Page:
Innovation and Liberalization in the European Defence Sector
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Innovation and Liberalization in the European Defence Sector

A Small Country Perspective

Fulvio Castellacci and Arne Fevolden

This book investigates the ongoing liberalization of the European defence market and explores how companies can respond to these changes by adjusting their innovation and internationalization strategies. Traditionally, the EU defence sector has been fragmented into several weakly integrated and highly protected domestic markets which often leads to the duplication of innovative efforts, rising production costs and an overall lack of competitiveness. Using a variety of methods including case studies, econometric analyses and agent-based modelling, the authors reveal that liberalization will provide new and relevant opportunities for European defence companies. However, any potential benefits will only be realized if private firms perceive that a full and well-coordinated implementation process is in place.
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Chapter 7: Conclusions and policy implications

Fulvio Castellacci and Arne Fevolden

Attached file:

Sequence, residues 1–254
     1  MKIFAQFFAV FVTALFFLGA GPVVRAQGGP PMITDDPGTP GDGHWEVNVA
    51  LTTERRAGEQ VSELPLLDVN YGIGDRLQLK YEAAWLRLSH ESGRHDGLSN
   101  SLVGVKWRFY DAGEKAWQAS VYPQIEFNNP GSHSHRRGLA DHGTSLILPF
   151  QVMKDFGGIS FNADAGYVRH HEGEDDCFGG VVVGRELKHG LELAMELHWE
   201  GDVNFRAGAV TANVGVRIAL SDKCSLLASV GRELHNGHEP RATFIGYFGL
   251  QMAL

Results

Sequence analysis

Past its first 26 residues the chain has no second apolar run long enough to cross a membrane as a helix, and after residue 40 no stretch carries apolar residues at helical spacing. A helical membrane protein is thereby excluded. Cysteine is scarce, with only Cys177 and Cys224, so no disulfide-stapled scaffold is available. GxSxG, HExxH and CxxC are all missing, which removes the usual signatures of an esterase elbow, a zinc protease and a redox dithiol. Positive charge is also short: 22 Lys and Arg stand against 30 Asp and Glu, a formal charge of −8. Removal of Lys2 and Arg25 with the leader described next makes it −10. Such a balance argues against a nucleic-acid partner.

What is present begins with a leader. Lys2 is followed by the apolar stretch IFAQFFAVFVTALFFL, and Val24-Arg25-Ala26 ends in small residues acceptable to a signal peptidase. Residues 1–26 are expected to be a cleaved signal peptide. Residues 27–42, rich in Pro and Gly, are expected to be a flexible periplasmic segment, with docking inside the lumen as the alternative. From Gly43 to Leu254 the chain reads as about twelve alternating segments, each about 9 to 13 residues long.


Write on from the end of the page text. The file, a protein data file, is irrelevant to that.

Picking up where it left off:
The European defence industries are currently undergoing a transformation. The old ‘national defence industries’ that could rely on protection and regular orders from their national governments are being replaced by an integrated, global defence industry that both produces and sells defence equipment internationally. Although national governments still play a role in defining the framework conditions for their domestic industries, the policy instruments that they can apply are increasingly being limited by supranational regulations, and the business opportunities of their defence industries are increasingly being shaped by factors outside their own borders. In this book, we have attempted to understand how processes of defence market liberalization affect the European defence industries. The book has investigated this issue from the perspective of companies, national defence authorities and the EU, and has looked at the implications of liberalization processes for innovation, international competitiveness and national security. Through the use of diverse methods such as econometrics, interviews, case studies and agent-based modelling, this book has sought to show that both firm-level dynamics and country-level characteristics affect the outcome of the liberalization process. And through the application of a diverse set of theoretical approaches, mostly rooted within the fields of economics, business studies and political sciences, it has sought to show that issues of security, innovation and international competitiveness are deeply intertwined.

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